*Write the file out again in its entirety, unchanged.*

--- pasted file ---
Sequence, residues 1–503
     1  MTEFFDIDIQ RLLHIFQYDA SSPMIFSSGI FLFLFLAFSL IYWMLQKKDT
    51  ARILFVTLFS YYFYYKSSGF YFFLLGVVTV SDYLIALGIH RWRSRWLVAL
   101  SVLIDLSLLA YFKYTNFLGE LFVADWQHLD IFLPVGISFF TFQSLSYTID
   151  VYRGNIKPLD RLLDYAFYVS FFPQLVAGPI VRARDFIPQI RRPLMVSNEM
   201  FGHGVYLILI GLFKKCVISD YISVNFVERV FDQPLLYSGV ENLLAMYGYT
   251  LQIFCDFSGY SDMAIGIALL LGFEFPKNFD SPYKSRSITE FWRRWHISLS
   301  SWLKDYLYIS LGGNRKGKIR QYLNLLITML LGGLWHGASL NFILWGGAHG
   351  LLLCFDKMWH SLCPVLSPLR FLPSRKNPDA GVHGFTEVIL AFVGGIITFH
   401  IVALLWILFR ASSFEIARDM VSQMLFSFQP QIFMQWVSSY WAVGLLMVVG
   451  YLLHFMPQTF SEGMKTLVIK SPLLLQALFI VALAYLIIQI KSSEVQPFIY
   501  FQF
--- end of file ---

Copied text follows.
Sequence, residues 1–503
     1  MTEFFDIDIQ RLLHIFQYDA SSPMIFSSGI FLFLFLAFSL IYWMLQKKDT
    51  ARILFVTLFS YYFYYKSSGF YFFLLGVVTV SDYLIALGIH RWRSRWLVAL
   101  SVLIDLSLLA YFKYTNFLGE LFVADWQHLD IFLPVGISFF TFQSLSYTID
   151  VYRGNIKPLD RLLDYAFYVS FFPQLVAGPI VRARDFIPQI RRPLMVSNEM
   201  FGHGVYLILI GLFKKCVISD YISVNFVERV FDQPLLYSGV ENLLAMYGYT
   251  LQIFCDFSGY SDMAIGIALL LGFEFPKNFD SPYKSRSITE FWRRWHISLS
   301  SWLKDYLYIS LGGNRKGKIR QYLNLLITML LGGLWHGASL NFILWGGAHG
   351  LLLCFDKMWH SLCPVLSPLR FLPSRKNPDA GVHGFTEVIL AFVGGIITFH
   401  IVALLWILFR ASSFEIARDM VSQMLFSFQP QIFMQWVSSY WAVGLLMVVG
   451  YLLHFMPQTF SEGMKTLVIK SPLLLQALFI VALAYLIIQI KSSEVQPFIY
   501  FQF